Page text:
In evaluating the management of Cultural diversity towards the sustainable development in Ghana with respect to African traditional religion, the theme of festivals have been considered. The target units were the culture in general and the people who shared their thoughts, opinions and experiences in trying to answer the question of whether their festivals have any relevance whatsoever on the development in their respective societies. The Homowo festival of the Ga’s, the Adae festival of the Asante’s and the Apoo festival of the Bono’s (Brong) were used. This is accomplished by showing the diversity in these festivals and their similar contributions to development in Ghana.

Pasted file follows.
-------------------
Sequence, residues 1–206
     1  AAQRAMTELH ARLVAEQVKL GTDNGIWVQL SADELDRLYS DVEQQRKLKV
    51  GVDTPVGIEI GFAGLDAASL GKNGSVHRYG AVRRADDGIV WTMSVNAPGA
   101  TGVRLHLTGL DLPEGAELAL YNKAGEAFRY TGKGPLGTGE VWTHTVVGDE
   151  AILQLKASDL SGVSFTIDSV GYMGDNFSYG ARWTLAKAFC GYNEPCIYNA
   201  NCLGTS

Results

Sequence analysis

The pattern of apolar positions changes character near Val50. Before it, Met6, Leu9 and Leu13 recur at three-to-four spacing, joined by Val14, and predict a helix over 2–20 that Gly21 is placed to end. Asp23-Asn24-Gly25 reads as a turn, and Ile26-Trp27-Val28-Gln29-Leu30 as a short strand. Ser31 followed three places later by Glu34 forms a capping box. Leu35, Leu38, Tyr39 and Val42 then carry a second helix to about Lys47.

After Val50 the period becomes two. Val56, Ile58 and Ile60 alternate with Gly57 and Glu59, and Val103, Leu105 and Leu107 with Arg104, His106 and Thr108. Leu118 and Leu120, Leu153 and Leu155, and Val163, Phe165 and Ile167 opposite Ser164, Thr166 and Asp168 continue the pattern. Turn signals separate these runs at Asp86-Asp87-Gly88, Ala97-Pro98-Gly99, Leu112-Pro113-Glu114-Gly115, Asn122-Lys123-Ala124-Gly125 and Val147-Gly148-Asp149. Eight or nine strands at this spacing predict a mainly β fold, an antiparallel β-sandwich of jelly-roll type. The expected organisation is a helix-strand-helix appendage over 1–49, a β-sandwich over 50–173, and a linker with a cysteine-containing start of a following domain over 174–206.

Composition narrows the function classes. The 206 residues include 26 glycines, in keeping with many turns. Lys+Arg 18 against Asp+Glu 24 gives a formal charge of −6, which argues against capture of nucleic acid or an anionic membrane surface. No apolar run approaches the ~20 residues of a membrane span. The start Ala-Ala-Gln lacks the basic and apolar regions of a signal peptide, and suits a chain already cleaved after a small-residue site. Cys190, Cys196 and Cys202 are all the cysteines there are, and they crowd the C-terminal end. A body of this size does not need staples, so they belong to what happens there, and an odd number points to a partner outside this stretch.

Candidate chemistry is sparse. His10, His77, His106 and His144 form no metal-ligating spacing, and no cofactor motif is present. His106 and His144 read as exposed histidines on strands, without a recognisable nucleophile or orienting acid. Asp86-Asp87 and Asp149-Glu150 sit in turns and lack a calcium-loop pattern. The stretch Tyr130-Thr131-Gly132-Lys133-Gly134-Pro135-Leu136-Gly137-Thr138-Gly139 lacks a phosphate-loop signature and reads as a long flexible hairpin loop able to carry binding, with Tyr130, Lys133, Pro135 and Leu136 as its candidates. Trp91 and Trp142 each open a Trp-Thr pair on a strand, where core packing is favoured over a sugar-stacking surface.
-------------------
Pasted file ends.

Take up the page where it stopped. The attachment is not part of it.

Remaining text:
The limitations that this research work is likely to encounter are;
The research envisages the problem of financial constraint as accessibility to the area of study would directly require money. The resources that are needed for this kind of research exceeds the normal hence limits the quality of the research in a way.

Time would also be a problem because the time involved in acquisition of data is very limited. Again, availability of the persons who are relevant to the study would be a struggle. Respondents may be skeptical to release certain information concerning their festivals.

Research Methodology